Iím not suggesting these are big problems.
This sounds like a bug. There's no reason the device needs road information to follow the track it has in memory. Maybe this was required at some point due to limitations in the way it used to be implemented, and has since been fixed. In any case, this is not accurate today as we have seen. Garmin is continually improving their products and details about how they work have a shelf life.
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Old 11-09-22, 02:37 PM
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Originally Posted by Seattle Forrest View Post
​​​​​​Yes, and also off course alerts when I deviate on the way back.
Off course warnings are just basic track following (it works without "turn guidance" enabled).

Originally Posted by Seattle Forrest View Post
This sounds like a bug. There's no reason the device needs road information to follow the track it has in memory. Maybe this was required at some point due to limitations in the way it used to be implemented, and has since been fixed. In any case, this is not accurate today as we have seen. Garmin is continually improving their products and details about how they work have a shelf life.
No, it's not a bug. All of the Edges work basically the same way. (It's possible the 1040 is different but not likely.) Sure, Garmin improves stuff but there is a lot of behavior that is basic/legacy that hasn't been changed.

Try using "turn guidance' with the detailed map disabled ("turn guidance" requires a routable map).

Keep in mind that (on the Edges), there are two navigation modes: (1) basic track following (doesn't require a map) and (2) "turn guidance" (which requires a routable map). You can use one or the other or both modes.

Note that “course points” are part of track following (and don’t require maps).

One the Edges, "turn guidance" (the big white arrows) is based on a second route calculated by the unit by picking the roads/paths on the installed map that the track appears to follow.

The track (from the file) shows up as a magenta line with black borders (it looks purple). The second route is a magenta line that is wider than the track line (the track line is drawn on top of it). Usually, these two lines follow each other fairly closely (especially if you use OSM to plan the route).

Here's an example route (from a 1030) that goes "off road". You can see the two routes. If you look closely where there's "one" line, you can see a light magenta border outside the file-track line.

The "turn guidance" (big white arrows) turn instructions are based on the light magenta line.



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Old 11-10-22, 03:52 PM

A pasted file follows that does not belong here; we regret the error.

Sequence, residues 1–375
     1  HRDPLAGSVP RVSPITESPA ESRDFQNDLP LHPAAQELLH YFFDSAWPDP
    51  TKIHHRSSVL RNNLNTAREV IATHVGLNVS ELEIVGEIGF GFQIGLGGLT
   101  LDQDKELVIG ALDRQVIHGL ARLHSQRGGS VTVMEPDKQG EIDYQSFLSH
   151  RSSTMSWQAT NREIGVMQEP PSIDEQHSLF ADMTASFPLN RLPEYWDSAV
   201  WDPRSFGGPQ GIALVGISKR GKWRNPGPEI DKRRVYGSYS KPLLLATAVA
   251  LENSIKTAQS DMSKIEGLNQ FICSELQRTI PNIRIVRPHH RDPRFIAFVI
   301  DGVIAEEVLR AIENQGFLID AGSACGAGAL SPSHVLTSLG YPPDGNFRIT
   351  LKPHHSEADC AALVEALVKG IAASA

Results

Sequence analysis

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I'm surprised that everyone is going for expensive bike computers these days. Am I the only one who simply uses Google Maps on their phone for navigation? I just look at the map with my eyes and then ride. If I forget where I need to go, I take the phone out and look at it again. Why do I need to have a map continuously in front of me? I use a Garmin GPS watch to track my path and ride statistics for later review. On the bike I use a cheap old computer just to tell speed and distance.
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Old 11-10-22, 04:52 PM
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Originally Posted by Yan View Post
I'm surprised that everyone is going for expensive bike computers these days. Am I the only one who simply uses Google Maps on their phone for navigation? I just look at the map with my eyes and then ride. If I forget where I need to go, I take the phone out and look at it again. Why do I need to have a map continuously in front of me? I use a Garmin GPS watch to track my path and ride statistics for later review. On the bike I use a cheap old computer just to tell speed and distance.
Phones can work, unless you need a waterproof case, thats an expense as is a decent mount. Battery life can be a problem, as well as screen brightness. I prefer to not use a phone but instead have one with me for emergencies. I also dont want my $600 iPhone on my bar when mt. biking. The apps are funky sometimes as well. Is why a lot of folks just prefer a device that is designed from the start to provide them with what they need out of a computer,
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Old 11-10-22, 06:54 PM
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Originally Posted by Yan View Post